Saudi Arabia's new role in the emerging Middle East
- 28 April 2011
- From the section Middle East
Saudi Arabia is once more seeking to shape events in the Arab world, encouraged by a regional upheaval that is threatening to bring down regimes in neighbouring territories and to harm national security in the process.
When King Abdullah acceded as monarch in 2005, hopes were high in the kingdom, as well as in the US administration, that the vacuum in the Arab world could be filled with a more activist Saudi leader, able to improve the regional situation to the benefit of the US-allied Arab "moderates" and to the disadvantage of Iran.
But those hopes were soon dashed.
The inadequacies of the Saudi foreign policy-making machine, a lack of Saudi political will partly due to the king's age and inclinations, and regional and US obstruction, saw efforts to promote intra-Palestinian peace run into the sand.
Mediation on other fronts - Lebanon, Sudan and Somalia - came to naught.
Backbone of Bahrain
This year, the Saudi leadership has watched with horror as the US has in effect rerun 1979 by abandoning a strategic ally - in this case President Mubarak of Egypt instead of the Shah of Iran.
Washington even appeared to sympathise with what Riyadh considers to be Iran's de facto allies - the Shia opposition in Bahrain.
The Saudi response to events in Bahrain - located a short drive from the Eastern Province where Saudi Shia are relatively populous - has been to stiffen the al-Khalifa regime's backbone by once again sending its troops into the Bahraini fray. The Saudi Arabian National Guard last intervened in 1995.
The Saudi mission is dressed up in a flimsy flag of convenience, that of the six-country Gulf Cooperation Council (GCC), whose assent has seen nominal UAE and Kuwaiti military contributions too.
However, it is Saudi troops that are underpinning al-Khalifa control in the Gulf island, just as Saudi money lubricates the al-Khalifa patronage power.
Yemen has for several years been Saudi Arabia's pre-eminent security concern. This is due to al-Qaeda's presence there, as well as perceived Iranian penetration and the threat of internal Yemeni secessionism.
The Saudi alliance of convenience with Yemeni President Ali Abdullah Saleh has however recently collapsed. Saudi Arabia has once again given heft to an apparent GCC initiative - a "peace plan" that requires the Yemeni leader to hand over power to his vice-president.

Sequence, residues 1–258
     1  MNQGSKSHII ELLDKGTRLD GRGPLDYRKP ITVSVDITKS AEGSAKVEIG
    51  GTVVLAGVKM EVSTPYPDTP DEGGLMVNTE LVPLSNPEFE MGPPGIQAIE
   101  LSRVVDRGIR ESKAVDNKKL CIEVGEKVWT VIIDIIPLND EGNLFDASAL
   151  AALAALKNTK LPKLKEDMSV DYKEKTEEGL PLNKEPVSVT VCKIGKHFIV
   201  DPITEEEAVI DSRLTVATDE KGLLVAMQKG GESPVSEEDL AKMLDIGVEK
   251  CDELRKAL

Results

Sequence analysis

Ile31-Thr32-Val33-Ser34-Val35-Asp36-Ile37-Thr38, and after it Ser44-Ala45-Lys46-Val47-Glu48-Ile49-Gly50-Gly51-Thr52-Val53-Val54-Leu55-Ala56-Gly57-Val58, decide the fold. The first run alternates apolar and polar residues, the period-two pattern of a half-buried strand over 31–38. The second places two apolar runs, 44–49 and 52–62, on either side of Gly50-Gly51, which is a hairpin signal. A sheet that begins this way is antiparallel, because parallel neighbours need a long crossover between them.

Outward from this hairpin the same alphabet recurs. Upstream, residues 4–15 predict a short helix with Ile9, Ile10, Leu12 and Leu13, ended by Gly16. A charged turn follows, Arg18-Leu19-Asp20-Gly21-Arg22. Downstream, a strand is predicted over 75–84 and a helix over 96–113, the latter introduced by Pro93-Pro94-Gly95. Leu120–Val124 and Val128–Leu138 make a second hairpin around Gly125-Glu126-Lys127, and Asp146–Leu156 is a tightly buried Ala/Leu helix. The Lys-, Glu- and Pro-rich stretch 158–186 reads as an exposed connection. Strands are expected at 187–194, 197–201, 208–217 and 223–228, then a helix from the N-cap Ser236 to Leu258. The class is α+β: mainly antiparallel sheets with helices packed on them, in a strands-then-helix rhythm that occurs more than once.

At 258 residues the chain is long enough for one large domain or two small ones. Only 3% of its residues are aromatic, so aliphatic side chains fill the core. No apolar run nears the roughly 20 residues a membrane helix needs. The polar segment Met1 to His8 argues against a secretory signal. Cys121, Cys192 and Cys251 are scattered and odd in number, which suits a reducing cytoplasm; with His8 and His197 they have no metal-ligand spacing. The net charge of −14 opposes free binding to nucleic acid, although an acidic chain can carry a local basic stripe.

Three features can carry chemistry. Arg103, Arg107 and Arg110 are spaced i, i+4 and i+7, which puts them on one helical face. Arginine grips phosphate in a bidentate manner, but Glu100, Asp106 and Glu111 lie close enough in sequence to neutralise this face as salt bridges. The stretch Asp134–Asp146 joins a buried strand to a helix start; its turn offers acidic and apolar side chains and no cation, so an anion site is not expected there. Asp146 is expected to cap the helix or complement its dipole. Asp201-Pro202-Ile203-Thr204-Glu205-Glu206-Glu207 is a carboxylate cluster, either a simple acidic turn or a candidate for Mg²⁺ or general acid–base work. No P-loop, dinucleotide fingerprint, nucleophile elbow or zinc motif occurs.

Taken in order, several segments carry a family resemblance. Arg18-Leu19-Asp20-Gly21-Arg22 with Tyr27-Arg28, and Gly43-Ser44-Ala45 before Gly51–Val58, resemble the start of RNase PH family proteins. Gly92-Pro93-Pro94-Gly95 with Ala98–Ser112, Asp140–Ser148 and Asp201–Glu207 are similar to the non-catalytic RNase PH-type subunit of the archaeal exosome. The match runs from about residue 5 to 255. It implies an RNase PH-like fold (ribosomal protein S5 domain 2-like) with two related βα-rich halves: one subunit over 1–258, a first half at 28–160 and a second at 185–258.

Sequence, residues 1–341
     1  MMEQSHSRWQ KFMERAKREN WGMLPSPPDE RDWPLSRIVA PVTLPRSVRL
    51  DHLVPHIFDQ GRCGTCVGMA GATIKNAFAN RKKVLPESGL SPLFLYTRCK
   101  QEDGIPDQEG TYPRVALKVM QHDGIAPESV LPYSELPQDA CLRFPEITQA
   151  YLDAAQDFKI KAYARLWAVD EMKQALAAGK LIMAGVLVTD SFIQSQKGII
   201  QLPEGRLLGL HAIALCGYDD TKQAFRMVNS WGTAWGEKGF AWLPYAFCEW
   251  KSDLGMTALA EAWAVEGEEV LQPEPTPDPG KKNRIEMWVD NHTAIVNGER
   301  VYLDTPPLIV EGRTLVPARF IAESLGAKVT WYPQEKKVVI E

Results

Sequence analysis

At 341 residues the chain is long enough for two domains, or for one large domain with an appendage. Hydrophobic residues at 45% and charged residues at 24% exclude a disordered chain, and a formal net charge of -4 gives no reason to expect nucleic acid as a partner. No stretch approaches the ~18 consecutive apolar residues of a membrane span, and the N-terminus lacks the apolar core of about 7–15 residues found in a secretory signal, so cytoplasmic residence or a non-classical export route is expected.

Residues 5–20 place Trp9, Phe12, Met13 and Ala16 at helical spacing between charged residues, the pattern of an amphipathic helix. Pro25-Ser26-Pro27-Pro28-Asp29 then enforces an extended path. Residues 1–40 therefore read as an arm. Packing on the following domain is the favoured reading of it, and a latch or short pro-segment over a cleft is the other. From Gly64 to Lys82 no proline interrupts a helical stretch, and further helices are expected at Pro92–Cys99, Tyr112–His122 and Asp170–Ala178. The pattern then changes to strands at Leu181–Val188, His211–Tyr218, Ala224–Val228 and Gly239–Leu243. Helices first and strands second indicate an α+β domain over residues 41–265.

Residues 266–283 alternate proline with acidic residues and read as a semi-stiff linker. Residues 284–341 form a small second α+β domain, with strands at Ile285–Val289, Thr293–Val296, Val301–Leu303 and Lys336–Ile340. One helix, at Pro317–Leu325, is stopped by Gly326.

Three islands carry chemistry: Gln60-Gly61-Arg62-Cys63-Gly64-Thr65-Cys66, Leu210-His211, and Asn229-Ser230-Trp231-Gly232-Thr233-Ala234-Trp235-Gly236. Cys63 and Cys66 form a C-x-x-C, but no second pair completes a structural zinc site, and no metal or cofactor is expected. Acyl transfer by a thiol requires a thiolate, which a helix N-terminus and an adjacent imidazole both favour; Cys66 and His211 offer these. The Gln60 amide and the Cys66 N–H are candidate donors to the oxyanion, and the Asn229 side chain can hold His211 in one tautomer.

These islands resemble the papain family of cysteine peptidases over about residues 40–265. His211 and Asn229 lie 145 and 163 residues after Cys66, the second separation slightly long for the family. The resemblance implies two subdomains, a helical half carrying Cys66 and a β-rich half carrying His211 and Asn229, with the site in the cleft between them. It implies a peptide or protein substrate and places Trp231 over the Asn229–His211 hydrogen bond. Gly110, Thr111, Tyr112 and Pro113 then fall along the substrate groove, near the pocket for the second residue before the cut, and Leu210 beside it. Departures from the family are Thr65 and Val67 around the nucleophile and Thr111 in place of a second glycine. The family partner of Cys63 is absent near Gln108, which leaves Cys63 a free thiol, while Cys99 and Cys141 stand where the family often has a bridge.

As both Yemeni government and opposition party representatives are expected to gather shortly in Riyadh to explore the deal, the determining issue will be whether there is a Yemeni will to agree to its terms.
Without such domestic agreement, there will be no Saudi-led breakthrough, even allowing for Riyadh's political influence, resources and ability to talk to an array of challengers to Mr Saleh's rule, including Islamist, tribal and secessionist elements.
Riyadh's view of the Arab uprisings is shaped by the kingdom's long-standing concern of maintaining stability in the face of internal and external threats.
Saudi military options have been exercised in Bahrain just as they were 18 months ago in Yemen, in facing down a Yemeni Shia group that had crossed its borders.
As Arab uprisings threaten to increase Iranian and al-Qaeda opportunities in neighbouring territories, Saudi Arabia will attempt to counter them with force, or diplomacy and largesse, as appropriate.
Baathist Syria is not, however, a neighbouring concern. It has long been distrusted as an Iranian ally that has proven unwilling to work with perceptible "Arab" interests.
The Saudi government cannot hope to try to directly influence the regime or events on the ground. In common with the US and Israel, it is not sure that the alternative would be to its advantage, even if it disadvantaged Iran.
Saudi Arabia's internal authority appears firm because of a mixture of patronage, security and a concern among many nationals - Sunni and Shia - that they stand to lose if the regime is directly challenged.
However the "virus" of popular demands is an uncomfortable spectacle for the al-Saud, seeing, as it does, regional events through the prism of national security and strategic competition.
Saudi Arabia shares with the US a desire to ensure that Iran does not gain from any of the region's popular protests.
But Riyadh does not see Washington as a decisive upholder of this shared interest.
As a result, Saudi Arabia will act unilaterally where it can in order to further its interests. But it is liable to be stymied by a mixture of its own political inadequacies and the force of local events that have a life of their own.
Neil Partrick is a research fellow at the London School of Economics and associate fellow at the Royal United Services Institute for Defence and Security Studies (Rusi) in London.